The accession of Elizabeth to the throne brought up the question of the name of the royal house. The Duke’s uncle, Louis Mountbatten, 1st Earl Mountbatten of Burma, advocated the name House of Mountbatten, as Elizabeth would typically have taken Philip’s last name on marriage; however, when Queen Mary, Elizabeth’s grandmother, heard of this suggestion, she informed the British Prime Minister Winston Churchill, who himself later advised the Queen to issue a royal proclamation declaring that the royal house was to remain known as the House of Windsor. Churchill’s strong personal antipathy to Lord Mountbatten, whom he considered a dangerous and subversive rival who had lost India, may have contributed to this. Prince Philip privately complained, “I am nothing but a bloody amoeba. I am the only man in the country not allowed to give his name to his own children.”

On 8 February 1960, several years after the death of Queen Mary and the resignation of Churchill, the Queen issued an Order in Council declaring that Mountbatten-Windsor would be the surname of her and her husband’s male-line descendants who are not styled as Royal Highness or titled as Prince or Princess. While it seems the Queen had “absolutely set her heart” on such a change and had it in mind for some time, it occurred only eleven days before the birth of Prince Andrew (19 February), and only after three months of protracted correspondence between the constitutional expert Edward Iwi, who averred that, without such a change, the royal child would be born with “the Badge of Bastardy” and the Prime Minister Harold Macmillan.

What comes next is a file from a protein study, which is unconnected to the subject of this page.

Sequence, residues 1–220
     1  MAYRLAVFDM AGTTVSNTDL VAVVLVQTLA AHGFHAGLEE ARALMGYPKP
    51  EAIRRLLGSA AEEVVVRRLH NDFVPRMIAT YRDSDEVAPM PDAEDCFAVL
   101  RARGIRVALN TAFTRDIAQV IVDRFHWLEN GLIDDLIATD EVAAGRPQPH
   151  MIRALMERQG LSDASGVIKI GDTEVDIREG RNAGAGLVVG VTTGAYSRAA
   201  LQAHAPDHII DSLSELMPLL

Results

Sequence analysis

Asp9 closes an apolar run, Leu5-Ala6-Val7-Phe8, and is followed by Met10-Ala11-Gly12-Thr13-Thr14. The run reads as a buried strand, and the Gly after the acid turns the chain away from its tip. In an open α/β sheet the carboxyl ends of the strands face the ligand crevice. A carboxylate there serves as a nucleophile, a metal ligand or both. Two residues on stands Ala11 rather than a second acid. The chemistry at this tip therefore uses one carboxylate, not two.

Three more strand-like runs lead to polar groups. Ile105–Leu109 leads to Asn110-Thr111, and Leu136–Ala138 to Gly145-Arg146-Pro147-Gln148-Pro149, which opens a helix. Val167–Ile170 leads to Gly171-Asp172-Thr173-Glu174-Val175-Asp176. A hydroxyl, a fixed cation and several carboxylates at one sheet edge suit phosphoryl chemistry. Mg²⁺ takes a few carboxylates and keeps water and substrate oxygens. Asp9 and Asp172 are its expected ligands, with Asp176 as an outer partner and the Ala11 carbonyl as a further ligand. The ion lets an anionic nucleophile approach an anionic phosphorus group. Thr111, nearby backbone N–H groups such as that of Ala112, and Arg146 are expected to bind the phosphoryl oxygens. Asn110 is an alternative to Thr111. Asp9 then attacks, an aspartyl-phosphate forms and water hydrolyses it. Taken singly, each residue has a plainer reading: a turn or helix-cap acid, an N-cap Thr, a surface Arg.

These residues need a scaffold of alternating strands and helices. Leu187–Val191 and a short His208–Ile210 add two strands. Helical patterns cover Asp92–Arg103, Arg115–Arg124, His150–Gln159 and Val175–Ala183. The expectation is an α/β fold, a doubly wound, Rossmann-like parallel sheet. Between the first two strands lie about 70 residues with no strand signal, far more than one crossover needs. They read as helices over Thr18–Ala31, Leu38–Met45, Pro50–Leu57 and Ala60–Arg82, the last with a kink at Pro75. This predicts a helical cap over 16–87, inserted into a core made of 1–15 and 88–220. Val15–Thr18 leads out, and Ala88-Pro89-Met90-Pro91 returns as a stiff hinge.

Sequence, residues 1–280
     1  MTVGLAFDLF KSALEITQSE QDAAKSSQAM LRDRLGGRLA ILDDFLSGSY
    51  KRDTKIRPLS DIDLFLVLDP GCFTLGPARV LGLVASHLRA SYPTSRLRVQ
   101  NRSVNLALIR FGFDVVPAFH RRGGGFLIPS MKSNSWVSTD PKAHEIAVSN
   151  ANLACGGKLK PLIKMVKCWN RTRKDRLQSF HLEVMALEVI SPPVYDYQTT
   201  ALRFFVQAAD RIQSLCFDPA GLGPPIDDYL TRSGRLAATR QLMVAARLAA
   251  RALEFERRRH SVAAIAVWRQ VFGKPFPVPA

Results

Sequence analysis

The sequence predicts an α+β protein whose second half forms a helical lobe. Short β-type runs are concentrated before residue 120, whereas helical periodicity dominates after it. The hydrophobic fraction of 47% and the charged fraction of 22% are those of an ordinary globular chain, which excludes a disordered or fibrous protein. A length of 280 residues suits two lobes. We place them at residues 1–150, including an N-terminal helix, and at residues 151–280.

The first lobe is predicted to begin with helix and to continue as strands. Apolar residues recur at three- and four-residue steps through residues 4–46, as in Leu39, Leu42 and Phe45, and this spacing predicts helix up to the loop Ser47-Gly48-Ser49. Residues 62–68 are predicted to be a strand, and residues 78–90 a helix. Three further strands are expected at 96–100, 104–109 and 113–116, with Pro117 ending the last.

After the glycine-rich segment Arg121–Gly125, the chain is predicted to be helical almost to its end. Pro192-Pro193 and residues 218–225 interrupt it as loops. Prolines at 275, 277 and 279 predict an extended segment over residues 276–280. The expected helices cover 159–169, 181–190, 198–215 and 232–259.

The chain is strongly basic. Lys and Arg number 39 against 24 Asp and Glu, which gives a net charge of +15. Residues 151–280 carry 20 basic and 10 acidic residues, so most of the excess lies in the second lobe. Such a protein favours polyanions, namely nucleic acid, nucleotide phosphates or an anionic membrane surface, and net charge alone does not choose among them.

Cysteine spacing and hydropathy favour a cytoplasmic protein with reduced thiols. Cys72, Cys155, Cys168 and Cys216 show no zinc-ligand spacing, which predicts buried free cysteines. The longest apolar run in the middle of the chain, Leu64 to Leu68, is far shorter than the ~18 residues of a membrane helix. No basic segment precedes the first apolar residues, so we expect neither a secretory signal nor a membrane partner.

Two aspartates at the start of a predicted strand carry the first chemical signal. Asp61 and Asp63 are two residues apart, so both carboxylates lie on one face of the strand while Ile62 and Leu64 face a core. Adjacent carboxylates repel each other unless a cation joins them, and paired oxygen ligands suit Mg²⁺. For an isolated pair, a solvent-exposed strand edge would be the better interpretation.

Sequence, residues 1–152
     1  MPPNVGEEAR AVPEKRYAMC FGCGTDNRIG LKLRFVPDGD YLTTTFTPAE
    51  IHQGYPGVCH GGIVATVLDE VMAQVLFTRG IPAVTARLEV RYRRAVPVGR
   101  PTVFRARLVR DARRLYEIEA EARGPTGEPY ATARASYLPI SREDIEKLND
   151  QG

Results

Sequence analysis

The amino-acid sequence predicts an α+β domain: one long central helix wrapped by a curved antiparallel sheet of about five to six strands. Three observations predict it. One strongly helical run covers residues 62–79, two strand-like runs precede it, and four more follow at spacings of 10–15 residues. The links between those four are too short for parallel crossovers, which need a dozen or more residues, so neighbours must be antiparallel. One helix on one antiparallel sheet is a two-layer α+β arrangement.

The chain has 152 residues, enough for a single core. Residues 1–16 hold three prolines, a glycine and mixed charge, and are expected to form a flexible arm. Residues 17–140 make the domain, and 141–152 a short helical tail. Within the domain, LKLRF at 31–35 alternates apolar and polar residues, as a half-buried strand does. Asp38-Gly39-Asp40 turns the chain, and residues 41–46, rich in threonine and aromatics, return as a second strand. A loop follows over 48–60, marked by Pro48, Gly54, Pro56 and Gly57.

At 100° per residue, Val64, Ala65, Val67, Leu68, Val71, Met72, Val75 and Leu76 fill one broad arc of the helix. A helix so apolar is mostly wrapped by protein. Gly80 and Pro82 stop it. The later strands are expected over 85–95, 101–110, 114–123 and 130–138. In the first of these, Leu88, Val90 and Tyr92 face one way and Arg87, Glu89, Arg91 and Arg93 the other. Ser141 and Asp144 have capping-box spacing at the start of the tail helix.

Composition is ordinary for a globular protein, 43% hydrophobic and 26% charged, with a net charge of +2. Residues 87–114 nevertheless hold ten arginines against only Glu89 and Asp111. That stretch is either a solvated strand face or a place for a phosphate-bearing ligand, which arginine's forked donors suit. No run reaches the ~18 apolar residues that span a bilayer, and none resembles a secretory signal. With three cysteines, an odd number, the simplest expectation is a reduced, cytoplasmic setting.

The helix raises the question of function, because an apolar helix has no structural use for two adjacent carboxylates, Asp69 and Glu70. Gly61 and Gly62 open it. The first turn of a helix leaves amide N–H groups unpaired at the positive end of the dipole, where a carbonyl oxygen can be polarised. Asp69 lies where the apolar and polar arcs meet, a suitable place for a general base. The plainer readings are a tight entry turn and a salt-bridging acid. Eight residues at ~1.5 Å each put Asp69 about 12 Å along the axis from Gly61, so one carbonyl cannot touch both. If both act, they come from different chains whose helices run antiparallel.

After her accession to the throne, the Queen also announced that the Duke was to have “place, pre-eminence and precedence” next to her “on all occasions and in all meetings, except where otherwise provided by Act of Parliament”. This meant the Duke took precedence over his son, the Prince of Wales, except, officially, in the British parliament. In fact, however, he attends Parliament only when escorting the Queen for the annual State Opening of Parliament, where he walks and sits beside her.

Contrary to rumors over the years, the Queen and Duke are said by insiders to have had a strong relationship throughout their marriage, despite the challenges of Elizabeth’s reign. The Queen referred to Prince Philip in a speech on the occasion of her Diamond Jubilee in 2012 as her “constant strength and guide”.

As consort to the Queen, Philip supported his wife in her new duties as sovereign, accompanying her to ceremonies such as the State Opening of Parliament in various countries, state dinners, and tours abroad. As Chairman of the Coronation Commission, he was the first member of the royal family to fly in a helicopter, visiting the troops that were to take part in the ceremony. Philip was not crowned in the service, but knelt before Elizabeth, with her hands enclosing his, and swore to be her “liege man of life and limb”.